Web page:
"Raiders of the Lost Ark" is an out-of-body experience, a movie of glorious imagination and breakneck speed that grabs you in the first shot, hurtles you through a series of incredible adventures, and deposits you back in reality two hours later -- breathless, dizzy, wrung-out, and with a silly grin on your face. This movie celebrates the stories we spent our adolescence searching for in the pulp adventure magazines, in the novels of Edgar Rice Burroughs, in comics -- even in the movies. There used to be a magazine named Thrilling Wonder Stories, and every shot in "Raiders of the Lost Ark" looks like one of its covers. It's the kind of movie where the hero gets out of bed wondering what daring exploits and astonishing, cliff-hanging, death-defying threats he will have to survive in the next ten seconds.
The idea is astonishing in its audacity: a film of two friends talking, just simply talking—but with passion, wit, scandal, whimsy, vision, hope, and despair—for 110 minutes. It sounds at first like one of those underground films of the 1960s, in which great length and minimal content somehow interacted in the dope-addled brains of the audience to provide the impression of deep if somehow elusive profundity. "My Dinner with Andre" is not like that. It doesn't use all of those words as a stunt. They are alive on the screen, breathing, pulsing, reminding us of endless, impassioned conversations we've had with those few friends worth talking with for hours and hours. Underneath all the other fascinating things in this film beats the tide of friendship, of two people with a genuine interest in one another.
Spike Lee's "Do the Right Thing" is the most controversial film of the year, and it only opens today. Thousands of people already have seen it at preview screenings, and everywhere I go, people are discussing it. Some of them are bothered by it; they think it will cause trouble. Others feel the message is confused. Some find it too militant, others find it the work of a middle-class director who is trying to play street-smart. All of those reactions, I think, simply are different ways of avoiding the central fact of this film, which is that it comes closer to reflecting the current state of race relations in America than any other movie of our time.
This movie made my heart glad. It is filled with innocence, hope, and good cheer. It is also wickedly funny and exciting as hell. "E.T. The Extra-Terrestrial" is a movie like "The Wizard of Oz," that you can grow up with and grow old with, and it won't let you down. It tells a story about friendship and love. Some people are a little baffled when they hear it described: It's about a relationship between a little boy and a creature from outer space that becomes his best friend. That makes it sound like a cross between "The Thing" and "National Velvet." It works as science fiction, it's sometimes as scary as a monster movie, and at the end, when the lights go up, there's not a dry eye in the house.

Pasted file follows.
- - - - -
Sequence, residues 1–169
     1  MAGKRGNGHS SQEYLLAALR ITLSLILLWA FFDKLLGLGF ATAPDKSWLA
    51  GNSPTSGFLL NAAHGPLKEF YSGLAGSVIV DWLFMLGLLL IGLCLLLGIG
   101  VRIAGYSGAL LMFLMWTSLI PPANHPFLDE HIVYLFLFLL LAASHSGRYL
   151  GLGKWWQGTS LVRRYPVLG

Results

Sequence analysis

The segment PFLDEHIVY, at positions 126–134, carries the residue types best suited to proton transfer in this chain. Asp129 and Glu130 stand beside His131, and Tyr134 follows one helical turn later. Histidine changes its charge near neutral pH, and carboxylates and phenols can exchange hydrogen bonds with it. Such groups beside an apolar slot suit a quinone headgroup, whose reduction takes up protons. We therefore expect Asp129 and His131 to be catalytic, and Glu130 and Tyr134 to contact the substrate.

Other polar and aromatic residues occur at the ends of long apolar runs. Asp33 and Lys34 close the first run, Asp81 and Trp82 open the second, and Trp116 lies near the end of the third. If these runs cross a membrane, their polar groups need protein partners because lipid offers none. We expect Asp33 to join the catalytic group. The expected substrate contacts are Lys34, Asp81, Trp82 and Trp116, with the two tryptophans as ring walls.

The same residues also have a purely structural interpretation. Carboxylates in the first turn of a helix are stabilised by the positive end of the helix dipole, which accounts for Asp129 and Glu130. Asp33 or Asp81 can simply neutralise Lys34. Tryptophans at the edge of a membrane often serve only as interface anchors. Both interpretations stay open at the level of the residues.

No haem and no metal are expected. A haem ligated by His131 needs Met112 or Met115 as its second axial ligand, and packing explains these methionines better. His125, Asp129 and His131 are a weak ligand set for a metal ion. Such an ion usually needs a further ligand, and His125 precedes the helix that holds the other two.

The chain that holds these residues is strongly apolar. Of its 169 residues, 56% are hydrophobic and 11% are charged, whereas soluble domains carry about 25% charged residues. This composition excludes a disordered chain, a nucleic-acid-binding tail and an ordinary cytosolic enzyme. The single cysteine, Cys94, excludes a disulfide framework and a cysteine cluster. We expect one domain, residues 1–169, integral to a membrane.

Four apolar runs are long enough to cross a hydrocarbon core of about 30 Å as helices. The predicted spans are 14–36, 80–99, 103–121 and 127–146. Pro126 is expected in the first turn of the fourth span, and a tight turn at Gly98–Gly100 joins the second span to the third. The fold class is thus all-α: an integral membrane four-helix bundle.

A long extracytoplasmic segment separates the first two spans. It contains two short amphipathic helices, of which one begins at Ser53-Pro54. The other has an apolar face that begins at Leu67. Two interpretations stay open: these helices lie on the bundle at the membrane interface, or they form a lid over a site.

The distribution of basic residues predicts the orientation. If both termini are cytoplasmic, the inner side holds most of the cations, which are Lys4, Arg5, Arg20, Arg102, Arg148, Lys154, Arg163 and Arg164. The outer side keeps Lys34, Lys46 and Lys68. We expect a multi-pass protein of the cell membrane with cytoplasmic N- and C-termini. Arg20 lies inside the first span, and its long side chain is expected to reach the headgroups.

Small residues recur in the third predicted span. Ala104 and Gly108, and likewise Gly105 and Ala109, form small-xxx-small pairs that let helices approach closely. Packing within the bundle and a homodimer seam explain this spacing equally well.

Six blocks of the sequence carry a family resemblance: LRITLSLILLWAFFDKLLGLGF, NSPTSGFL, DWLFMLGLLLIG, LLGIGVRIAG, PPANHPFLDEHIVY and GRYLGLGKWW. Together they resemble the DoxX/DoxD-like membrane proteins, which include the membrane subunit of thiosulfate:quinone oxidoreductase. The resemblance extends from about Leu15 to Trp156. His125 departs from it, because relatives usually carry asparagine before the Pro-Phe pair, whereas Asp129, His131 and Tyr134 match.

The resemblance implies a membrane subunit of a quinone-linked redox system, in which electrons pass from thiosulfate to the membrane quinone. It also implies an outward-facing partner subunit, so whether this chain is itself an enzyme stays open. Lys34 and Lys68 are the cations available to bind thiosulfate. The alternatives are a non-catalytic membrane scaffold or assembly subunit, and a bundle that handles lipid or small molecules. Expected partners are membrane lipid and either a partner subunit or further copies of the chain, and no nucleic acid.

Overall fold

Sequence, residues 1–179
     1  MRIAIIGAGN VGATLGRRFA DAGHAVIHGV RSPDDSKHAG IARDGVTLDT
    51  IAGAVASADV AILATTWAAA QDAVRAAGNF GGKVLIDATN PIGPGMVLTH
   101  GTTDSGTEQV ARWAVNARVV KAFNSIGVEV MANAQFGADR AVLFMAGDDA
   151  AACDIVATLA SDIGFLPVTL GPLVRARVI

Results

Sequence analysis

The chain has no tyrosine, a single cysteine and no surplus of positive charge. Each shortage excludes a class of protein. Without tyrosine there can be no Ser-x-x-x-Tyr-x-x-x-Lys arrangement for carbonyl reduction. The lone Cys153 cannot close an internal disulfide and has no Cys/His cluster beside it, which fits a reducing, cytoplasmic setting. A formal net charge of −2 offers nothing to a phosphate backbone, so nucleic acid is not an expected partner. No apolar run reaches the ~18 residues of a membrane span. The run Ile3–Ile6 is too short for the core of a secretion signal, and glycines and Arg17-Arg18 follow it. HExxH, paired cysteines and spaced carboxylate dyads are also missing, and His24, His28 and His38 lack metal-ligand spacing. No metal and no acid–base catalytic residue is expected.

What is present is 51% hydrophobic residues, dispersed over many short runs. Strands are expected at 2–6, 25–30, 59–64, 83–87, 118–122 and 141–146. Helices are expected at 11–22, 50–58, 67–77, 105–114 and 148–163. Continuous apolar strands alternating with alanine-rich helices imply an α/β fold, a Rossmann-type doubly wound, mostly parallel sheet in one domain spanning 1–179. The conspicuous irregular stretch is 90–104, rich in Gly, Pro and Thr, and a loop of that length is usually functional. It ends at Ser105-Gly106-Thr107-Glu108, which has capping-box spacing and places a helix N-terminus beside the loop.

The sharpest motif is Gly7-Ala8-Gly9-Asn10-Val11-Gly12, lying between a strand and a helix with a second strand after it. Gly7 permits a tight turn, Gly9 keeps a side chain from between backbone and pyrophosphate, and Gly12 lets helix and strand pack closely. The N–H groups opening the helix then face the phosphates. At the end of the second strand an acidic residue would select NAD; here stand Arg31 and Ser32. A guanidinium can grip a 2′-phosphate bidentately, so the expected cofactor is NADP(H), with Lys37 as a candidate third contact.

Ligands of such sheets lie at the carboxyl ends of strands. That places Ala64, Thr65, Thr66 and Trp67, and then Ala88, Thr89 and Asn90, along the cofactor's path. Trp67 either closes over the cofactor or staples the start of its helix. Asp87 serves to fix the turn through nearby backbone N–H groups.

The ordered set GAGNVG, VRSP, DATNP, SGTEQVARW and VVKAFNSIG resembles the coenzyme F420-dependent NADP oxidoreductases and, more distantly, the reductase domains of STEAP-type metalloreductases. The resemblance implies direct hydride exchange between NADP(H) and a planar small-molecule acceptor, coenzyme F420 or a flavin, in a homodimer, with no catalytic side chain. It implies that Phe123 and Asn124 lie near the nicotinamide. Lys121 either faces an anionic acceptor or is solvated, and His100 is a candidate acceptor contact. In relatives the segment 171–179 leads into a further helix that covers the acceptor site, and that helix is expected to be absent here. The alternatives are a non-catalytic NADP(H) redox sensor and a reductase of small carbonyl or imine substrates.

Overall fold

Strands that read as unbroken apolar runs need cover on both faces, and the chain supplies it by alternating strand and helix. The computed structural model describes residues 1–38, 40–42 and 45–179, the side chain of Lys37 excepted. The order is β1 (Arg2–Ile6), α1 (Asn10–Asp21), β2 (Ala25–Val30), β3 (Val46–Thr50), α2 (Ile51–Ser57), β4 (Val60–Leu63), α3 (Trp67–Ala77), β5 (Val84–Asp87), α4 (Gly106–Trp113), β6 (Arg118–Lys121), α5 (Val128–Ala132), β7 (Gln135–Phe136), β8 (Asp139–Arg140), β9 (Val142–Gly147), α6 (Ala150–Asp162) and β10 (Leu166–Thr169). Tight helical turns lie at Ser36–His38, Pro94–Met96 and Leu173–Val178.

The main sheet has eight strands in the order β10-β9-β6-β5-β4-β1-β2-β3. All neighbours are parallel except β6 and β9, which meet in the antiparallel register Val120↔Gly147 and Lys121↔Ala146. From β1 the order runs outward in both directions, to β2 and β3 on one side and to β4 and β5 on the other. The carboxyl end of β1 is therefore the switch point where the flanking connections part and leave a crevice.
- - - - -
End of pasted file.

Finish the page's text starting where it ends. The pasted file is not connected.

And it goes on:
"The Right Stuff" is likely to be a landmark movie in a lot of careers. It announces Kaufman's arrival in the ranks of major directors. It contains uniformly interesting performances by a whole list of unknown or little-known actors, including Ed Harris (Glenn), Scott Glenn (Alan Shepard), Fred Ward (Grissom) and Dennis Quaid (Cooper). It confirms the strong and sometimes almost mystical screen presence of playwright Sam Shepard, who plays Yeager. And it joins a short list of recent American movies that might be called experimental epics: movies that have an ambitious reach through time and subject matter, that spend freely for locations or special effects, but that consider each scene as intently as an art film. "The Right Stuff" goes on that list with "The Godfather," "Nashville," "Apocalypse Now" and maybe "Patton" and "Close Encounters of the Third Kind." It's a great film.
LaMotta wins and marries her. Then he becomes consumed by the conviction she is cheating on him. Scorsese finds a way to visually suggest his jealousy: From LaMotta's point of view, Vickie sometimes floats in slow motion toward another man. The technique fixes the moment in our minds; we share LaMotta's exaggeration of an innocent event. And we share, too, the LaMotta character's limited and tragic hang-ups. This man we see is not, I think, supposed to be any more subtle than he seems. He does not have additional "qualities" to share with us. He is an engine driven by his own rage. The equation between his prizefighting and his sexuality is inescapable, and we see the trap he's in: LaMotta is the victim of base needs and instincts that, in his case, are not accompanied by the insights and maturity necessary for him to cope with them. The raging bull. The poor sap.